Starkville, Mississippi: Education and Asphalt Move SRTS Program Forward


Starkville, Mississippi, is a rural area with a population of about 22,000 citizens and home to Mississippi State University. The downtown streets of Starkville have had sidewalks since the 1940s, but they have not been maintained properly, resulting in their poor condition. The rest of the town lacks sidewalks or has isolated sidewalk segments that do not connect to the original ones built. Starkville does not have any neighborhood schools, and although there is a state law stating students do not have to be bussed to school, the Starkville School District elects to bus every student regardless of their proximity to school.


Starkville in Motion (SIM), a volunteer organization formed in 2005, is dedicated to increasing the number of bicycle and pedestrian paths in Starkville. In January 2007, SIM applied for a grant and received $1.5 million from Mississippi’s Department of Transportation (MDOT) to build a 3.4 mile multi-use path to connect the University, parks and other venues. With this grant secured, SIM began focusing on the areas directly around the neighborhood schools. In summer 2007, Starkville received $281,476 of federal Safe Routes to School funds from MDOT. This money will go to Ward-Stewart Elementary School (fourth and fifth grade), Henderson Intermediate School (sixth grade) and Armstrong Middle School (seventh and eighth grade). Ward-Stewart Elementary and Henderson Intermediate share a campus in the commercial area of town with several neighborhoods surrounding the area, all lacking sidewalks. Armstrong Middle, located a half mile south of Ward-Stewart Elementary and Henderson Intermediate, has no sidewalks leading directly to the middle school, but the surrounding area has some sidewalks. With the SRTS grant, the schools can construct a sidewalk and stripe bicycle lanes along the north and south corridor connecting several subdivisions to the schools. The money also will purchase caution signs to alert drivers that they are entering school zones. The Parent-Teacher Association has pledged its support to the SRTS project and to help educate the children. Of the SRTS funds awarded, $17,500 will be used for educational materials.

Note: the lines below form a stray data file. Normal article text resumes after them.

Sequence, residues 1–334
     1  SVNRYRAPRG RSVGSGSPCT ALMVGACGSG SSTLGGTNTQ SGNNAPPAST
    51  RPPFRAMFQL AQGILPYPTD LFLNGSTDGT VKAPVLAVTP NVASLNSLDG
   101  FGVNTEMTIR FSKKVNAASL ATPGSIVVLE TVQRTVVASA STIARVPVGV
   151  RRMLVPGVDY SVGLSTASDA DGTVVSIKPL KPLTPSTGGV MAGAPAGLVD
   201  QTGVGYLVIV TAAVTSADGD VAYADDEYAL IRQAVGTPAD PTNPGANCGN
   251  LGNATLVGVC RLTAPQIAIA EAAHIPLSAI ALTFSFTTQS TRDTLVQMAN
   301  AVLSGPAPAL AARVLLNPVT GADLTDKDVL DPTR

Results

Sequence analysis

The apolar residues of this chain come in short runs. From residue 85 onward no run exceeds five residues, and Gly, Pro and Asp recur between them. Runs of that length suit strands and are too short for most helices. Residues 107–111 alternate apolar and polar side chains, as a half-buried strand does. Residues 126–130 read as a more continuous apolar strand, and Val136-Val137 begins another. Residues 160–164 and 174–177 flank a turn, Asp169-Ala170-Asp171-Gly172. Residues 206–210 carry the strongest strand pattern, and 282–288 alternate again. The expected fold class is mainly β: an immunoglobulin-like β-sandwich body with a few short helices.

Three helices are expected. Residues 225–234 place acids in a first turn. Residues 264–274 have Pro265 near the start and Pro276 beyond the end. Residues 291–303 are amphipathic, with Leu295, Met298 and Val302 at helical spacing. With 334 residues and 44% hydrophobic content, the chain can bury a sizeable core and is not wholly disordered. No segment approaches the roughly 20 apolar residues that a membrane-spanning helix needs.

SIM geocoded the addresses of all fourth through eighth grade students to determine how many lived within a two mile radius of the schools. It was found that six percent of the students live within a half mile of their schools, 26 percent live within one mile, and 50 percent live within two miles of their schools. Of all the students capable of walking to school, two percent walk, and 0.2 percent bicycle. Most of the proposed infrastructure improvements will benefit students traveling to any of the three schools. SIM anticipates the number of children bicycling and walking to school will significantly increase once the proposed changes are made.


Lois Connington
Chair, Safe Routes to School Committee
Starkville in Motion